Report: Dropouts cost nation $1.8B each year
WASHINGTON — High school dropouts are costing about $1.8 billion in lost tax revenue every year, education advocates said in a report released on Monday.
If states were to increase their graduation rates, state and federal lawmakers could be plugging their budgets with workers' taxes instead of furloughing teachers, closing drivers license offices and cutting unemployment benefits. While advocates tend to focus on the moral argument that all children deserve a quality education, they could just as easily look at budgets' bottom lines.
“This has huge economic implications,” said John Bridgeland, president and CEO of Civic Enterprises, a public policy group that helped write the report.
That's part of the reason Education Secretary Arne Duncan on Monday introduced a three-year, $15 million effort to put AmeriCorps members in 60 of the nation's worst schools. About 650 AmeriCorps members are going to try to raise graduation rates, increase math and reading skills and prepare more students for college.
“Turning around our nation's lowest-performing schools is challenging work that requires everyone to play a part — from teachers, administrators and counselors to business leaders, the philanthropic sector and community members,” Duncan said.
Increased graduation rates might be the most lasting way to turn around struggling budgets.
About 24 state budgets are smaller than they were in 2008, and states are still clawing back to pre-recession levels, according to the National Association of State Budget Officers.
Lawmakers in state capitols are making tough choices about whether to raise taxes to keep classroom lights on or to sell off state agencies to provide health care to seniors. Federal officials, meanwhile, are facing about $85 billion in automatic spending cuts that are set to take hold at the end of the week.
Nationally, a 90 percent graduation rate would yield $1.8 billion in local, state and federal taxes based on $5.3 billion in higher wages, according to the Alliance for Excellent Education.
All told, the group believes a graduation rate at that level would produce $6.6 billion in economic growth.
Show commenting policy
TribLive commenting policy
You are solely responsible for your comments and by using TribLive.com you agree to our Terms of Service.
We moderate comments. Our goal is to provide substantive commentary for a general readership. By screening submissions, we provide a space where readers can share intelligent and informed commentary that enhances the quality of our news and information.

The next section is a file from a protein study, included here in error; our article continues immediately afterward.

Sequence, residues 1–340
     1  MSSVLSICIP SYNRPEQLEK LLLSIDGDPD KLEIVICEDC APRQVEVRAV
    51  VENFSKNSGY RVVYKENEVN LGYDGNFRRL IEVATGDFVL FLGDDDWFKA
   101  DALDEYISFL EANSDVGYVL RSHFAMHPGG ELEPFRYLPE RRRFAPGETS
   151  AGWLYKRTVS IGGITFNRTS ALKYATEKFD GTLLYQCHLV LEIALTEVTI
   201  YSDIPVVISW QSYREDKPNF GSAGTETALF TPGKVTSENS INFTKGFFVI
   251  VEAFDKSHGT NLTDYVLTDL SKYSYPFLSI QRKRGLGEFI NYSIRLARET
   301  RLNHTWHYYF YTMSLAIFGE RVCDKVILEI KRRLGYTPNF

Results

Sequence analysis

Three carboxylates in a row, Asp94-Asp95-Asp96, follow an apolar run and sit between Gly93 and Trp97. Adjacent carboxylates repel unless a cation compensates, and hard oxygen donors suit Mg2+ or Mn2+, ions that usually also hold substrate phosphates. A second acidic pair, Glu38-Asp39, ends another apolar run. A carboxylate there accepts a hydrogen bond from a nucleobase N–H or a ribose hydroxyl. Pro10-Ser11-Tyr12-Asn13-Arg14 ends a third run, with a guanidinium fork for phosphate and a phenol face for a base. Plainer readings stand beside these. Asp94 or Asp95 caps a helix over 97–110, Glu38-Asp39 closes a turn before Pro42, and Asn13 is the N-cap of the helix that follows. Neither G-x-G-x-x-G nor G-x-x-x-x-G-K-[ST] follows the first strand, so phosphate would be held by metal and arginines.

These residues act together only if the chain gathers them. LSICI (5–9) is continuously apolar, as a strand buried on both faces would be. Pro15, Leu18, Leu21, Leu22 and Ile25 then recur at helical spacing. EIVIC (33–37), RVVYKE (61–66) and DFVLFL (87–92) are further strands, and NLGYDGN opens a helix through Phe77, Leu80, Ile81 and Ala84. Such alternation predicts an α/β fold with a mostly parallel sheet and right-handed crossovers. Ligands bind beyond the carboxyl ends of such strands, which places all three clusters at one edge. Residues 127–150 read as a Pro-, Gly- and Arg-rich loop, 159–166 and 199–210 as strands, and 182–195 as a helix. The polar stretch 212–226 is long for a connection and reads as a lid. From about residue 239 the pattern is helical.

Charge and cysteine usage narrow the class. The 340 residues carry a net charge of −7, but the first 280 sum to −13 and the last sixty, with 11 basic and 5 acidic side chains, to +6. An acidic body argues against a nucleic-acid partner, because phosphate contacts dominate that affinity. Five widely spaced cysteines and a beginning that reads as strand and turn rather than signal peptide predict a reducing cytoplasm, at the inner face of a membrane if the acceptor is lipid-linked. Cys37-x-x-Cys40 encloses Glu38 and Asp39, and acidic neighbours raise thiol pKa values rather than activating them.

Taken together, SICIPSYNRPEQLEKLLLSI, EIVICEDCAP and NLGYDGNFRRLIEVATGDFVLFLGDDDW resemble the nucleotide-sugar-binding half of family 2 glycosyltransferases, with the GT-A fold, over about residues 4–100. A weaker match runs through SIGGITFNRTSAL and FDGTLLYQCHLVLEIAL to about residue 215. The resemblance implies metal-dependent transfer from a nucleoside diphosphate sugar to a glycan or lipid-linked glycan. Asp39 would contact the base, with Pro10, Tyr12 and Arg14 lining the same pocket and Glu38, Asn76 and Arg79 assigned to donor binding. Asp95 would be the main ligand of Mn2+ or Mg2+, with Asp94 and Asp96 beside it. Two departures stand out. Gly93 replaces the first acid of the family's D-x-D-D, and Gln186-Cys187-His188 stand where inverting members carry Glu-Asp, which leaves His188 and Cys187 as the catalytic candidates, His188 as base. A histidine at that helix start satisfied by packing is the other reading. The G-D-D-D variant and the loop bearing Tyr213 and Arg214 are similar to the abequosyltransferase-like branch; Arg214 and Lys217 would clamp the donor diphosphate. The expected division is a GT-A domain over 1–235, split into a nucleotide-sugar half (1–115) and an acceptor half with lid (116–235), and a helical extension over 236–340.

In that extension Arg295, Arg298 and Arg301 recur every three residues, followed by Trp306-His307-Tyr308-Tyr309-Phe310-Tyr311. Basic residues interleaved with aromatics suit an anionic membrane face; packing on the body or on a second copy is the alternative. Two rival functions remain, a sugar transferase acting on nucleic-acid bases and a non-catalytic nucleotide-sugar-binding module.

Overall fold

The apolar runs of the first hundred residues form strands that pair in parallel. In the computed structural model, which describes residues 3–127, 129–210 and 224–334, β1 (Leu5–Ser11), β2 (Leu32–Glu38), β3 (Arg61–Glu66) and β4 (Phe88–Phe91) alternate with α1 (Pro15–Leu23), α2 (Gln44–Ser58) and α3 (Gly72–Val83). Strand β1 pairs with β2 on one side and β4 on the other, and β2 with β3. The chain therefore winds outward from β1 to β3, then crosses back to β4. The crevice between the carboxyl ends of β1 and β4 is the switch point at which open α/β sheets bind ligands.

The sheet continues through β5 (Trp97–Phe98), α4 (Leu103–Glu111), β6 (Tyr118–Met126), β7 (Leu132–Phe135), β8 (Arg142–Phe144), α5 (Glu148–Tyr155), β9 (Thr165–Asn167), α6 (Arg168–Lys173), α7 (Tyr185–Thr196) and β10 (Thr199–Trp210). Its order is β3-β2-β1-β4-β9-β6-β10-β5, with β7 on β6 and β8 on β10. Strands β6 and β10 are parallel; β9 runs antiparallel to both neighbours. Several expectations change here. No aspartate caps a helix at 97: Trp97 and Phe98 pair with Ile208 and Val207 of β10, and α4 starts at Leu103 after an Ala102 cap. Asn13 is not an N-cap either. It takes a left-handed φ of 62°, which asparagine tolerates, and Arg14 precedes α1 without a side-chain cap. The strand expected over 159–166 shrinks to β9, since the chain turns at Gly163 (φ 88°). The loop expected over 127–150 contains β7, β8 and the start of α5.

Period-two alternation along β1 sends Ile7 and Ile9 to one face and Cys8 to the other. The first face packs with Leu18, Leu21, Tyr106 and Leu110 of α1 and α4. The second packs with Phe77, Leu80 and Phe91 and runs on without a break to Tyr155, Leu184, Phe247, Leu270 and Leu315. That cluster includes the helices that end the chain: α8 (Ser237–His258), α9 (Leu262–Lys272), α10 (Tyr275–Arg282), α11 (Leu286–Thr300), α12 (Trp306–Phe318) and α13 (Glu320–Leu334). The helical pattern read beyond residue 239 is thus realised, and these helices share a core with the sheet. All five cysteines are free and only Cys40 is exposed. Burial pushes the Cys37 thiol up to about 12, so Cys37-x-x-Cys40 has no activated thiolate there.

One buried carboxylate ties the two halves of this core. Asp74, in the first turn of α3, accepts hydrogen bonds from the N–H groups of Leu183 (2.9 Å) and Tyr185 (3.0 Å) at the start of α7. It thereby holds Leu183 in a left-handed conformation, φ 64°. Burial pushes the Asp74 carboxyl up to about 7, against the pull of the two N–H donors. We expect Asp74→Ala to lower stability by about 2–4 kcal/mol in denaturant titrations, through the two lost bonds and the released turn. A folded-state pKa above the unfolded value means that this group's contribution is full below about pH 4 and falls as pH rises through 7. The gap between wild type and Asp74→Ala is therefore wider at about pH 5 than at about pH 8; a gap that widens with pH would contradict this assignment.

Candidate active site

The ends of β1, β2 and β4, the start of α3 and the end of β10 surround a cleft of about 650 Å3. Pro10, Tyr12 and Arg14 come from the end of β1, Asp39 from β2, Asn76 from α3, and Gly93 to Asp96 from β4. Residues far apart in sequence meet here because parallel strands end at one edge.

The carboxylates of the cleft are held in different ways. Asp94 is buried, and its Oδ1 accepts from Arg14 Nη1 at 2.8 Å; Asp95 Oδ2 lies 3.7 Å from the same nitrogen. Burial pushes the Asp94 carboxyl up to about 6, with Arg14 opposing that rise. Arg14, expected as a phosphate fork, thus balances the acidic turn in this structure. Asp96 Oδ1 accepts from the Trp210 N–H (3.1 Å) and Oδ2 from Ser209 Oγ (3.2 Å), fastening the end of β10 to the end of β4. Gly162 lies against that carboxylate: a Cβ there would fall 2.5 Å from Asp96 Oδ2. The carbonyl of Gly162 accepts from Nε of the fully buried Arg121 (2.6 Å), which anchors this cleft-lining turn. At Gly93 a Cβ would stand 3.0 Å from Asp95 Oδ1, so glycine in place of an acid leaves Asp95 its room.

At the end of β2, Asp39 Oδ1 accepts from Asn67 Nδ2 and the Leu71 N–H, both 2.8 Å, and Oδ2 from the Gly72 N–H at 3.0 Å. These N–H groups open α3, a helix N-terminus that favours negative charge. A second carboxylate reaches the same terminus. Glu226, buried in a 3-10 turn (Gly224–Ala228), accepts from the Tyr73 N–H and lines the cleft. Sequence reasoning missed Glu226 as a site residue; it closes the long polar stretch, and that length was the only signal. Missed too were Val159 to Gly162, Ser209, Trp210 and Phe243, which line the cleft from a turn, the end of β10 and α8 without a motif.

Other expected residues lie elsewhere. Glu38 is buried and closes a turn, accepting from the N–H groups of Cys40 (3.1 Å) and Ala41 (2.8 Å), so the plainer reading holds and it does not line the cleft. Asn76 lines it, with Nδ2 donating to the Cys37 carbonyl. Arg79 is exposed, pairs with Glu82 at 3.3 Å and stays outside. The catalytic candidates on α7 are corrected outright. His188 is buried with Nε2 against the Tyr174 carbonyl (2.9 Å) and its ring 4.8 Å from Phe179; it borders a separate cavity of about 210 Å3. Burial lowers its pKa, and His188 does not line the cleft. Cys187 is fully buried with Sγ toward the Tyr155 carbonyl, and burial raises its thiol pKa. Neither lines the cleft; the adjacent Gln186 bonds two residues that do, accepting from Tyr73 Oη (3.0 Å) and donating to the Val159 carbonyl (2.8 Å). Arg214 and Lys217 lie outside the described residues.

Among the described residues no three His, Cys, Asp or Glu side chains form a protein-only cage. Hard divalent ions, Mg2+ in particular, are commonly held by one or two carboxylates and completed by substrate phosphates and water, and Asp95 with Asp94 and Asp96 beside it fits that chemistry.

While most comments will be posted if they are on-topic and not abusive, moderating decisions are subjective. We will make them as carefully and consistently as we can. Because of the volume of reader comments, we cannot review individual moderation decisions with readers.
We value thoughtful comments representing a range of views that make their point quickly and politely. We make an effort to protect discussions from repeated comments either by the same reader or different readers.
We follow the same standards for taste as the daily newspaper. A few things we won't tolerate: personal attacks, obscenity, vulgarity, profanity (including expletives and letters followed by dashes), commercial promotion, impersonations, incoherence, proselytizing and SHOUTING. Don't include URLs to Web sites.
We do not edit comments. They are either approved or deleted. We reserve the right to edit a comment that is quoted or excerpted in an article. In this case, we may fix spelling and punctuation.
We welcome strong opinions and criticism of our work, but we don't want comments to become bogged down with discussions of our policies and we will moderate accordingly.
We appreciate it when readers and people quoted in articles or blog posts point out errors of fact or emphasis and will investigate all assertions. But these suggestions should be sent via e-mail. To avoid distracting other readers, we won't publish comments that suggest a correction. Instead, corrections will be made in a blog post or in an article.
- White House ricochets in nonprofits’ birth control coverage fray
- NASA expected to hire private rocket
- Retailers warned about software
- Ferguson residents fear return of rioting, looting
- Hackers hit 25,000 government workers
- Reid apologizes for jokes at Asian business event
- Scientists hope tiny robotic bee’s big dreams take flight
- U.S. could have done better, says brother of slain journalist
- Mudslides plague Washington state after wildfire strips hillsides
- Oklahoma City officer accused of sex assaults
- Rehabilitated snowy owl dies in Minnesota